The current home-visiting intervention in an at-risk population in the Greater Paris Area was conducted by psychologists who had received specific trained to promote perinatal mental and physical health, identify depressive symptoms, provide support and refer to care if necessary. The intervention had no overall effect on the prevalence of PND symptomatology at three months postpartum. These results confirm findings from other studies, where multifocal interventions targeting infant mental health in vulnerable families have not generally proved to be effective with regard to reducing PND: Early Head Start [26], Healthy Families in America [27], [28], Nurse Family Partnership [19], Parents As Teachers [29], Healthy Families Alaska [30], Hawaii Healthy Start Program [31] and Healthy Families New York [32]. All these studies have in common the fact that they address at-risk populations with the general aim of improving infant mental health outcomes by targeting a number of determinants of infant mental health, amongst which PND.

In the present study, although levels of both prenatal and postnatal depressive symptoms evaluated with the EPDS are high (44.7% and 36.5% respectively), these results are comparable to those of other interventions in high-risk populations. In the Early Head Start program, 58% of mothers were depressed when included into the program just after their child was born [33]; a 1995 study in Akron, Ohio, found a 24.5% prevalence rate during pregnancy and 23.4% at postpartum in poor, inner-city mothers [34].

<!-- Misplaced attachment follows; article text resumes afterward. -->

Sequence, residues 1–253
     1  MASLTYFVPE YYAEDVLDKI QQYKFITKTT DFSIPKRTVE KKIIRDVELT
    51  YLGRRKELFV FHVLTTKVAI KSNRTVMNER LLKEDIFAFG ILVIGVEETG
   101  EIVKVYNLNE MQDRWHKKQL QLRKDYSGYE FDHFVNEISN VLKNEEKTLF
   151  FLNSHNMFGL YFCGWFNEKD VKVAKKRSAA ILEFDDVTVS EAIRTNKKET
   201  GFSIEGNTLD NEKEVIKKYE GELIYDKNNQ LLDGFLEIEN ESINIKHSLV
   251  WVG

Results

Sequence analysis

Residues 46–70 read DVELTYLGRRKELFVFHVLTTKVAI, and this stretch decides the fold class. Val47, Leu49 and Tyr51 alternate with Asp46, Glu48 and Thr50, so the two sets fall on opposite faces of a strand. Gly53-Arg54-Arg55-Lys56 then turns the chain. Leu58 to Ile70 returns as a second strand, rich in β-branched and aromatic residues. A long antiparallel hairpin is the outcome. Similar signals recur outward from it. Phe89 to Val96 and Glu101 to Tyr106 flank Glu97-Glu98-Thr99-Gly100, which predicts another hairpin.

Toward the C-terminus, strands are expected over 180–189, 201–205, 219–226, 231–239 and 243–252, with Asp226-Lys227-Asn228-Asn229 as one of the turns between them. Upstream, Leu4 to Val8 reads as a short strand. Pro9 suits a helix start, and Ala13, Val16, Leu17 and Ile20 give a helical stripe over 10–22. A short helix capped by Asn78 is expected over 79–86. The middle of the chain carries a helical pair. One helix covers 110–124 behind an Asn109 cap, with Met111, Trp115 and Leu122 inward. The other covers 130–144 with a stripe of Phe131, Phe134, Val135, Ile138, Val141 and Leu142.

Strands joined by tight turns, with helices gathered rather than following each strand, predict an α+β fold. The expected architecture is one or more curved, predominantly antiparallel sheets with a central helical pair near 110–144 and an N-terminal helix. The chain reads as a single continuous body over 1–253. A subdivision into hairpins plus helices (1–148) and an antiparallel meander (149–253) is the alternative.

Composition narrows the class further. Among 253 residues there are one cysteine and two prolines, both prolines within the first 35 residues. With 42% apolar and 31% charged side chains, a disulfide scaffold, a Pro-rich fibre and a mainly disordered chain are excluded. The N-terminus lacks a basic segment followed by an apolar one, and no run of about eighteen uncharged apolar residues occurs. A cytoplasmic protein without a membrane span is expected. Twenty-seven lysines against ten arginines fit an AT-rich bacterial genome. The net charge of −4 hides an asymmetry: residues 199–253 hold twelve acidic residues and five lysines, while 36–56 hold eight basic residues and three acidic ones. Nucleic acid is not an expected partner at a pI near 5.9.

None of the above studies, however, including those integrating mental health training for home-visiting nurses or professional psychological support for depressed mothers, have demonstrated significant overall effects on PND [35]. Only interventions specifically targeting PND have shown promising results with at risk populations [16], [17], although these results have not been further replicated. Indeed, the only interventions that have proved successful in at-risk families are those specifically addressing only PND and focusing on providing care for existing depression, rather than aiming to prevent it [16], [36]. In the present study, post-hoc analysis reveals that the CAPEDP intervention was however effective in reducing levels of postpartum depression for women who, at baseline, had few depressive symptoms (EPDS<8), for those who declared they were planning to bring the child up with the child’s father (73.9% of the study population) and for those who had had more than nine years of education. Similarly a global tendency to efficacy was observed for women who, over and above the shared inclusion criteria of being first-time mothers and young, presented only one of the three additional inclusion criteria risk factors (low educational level, low income, or planning to bring up the child without the child’s father) rather than having two or all three, although it would be hazardous to jump to conclusions on this latter question given that women with more than one of the three additional risk factors at inclusion were also significantly more likely to have already dropped out of the study when PND symptomatology was measured at three months postpartum.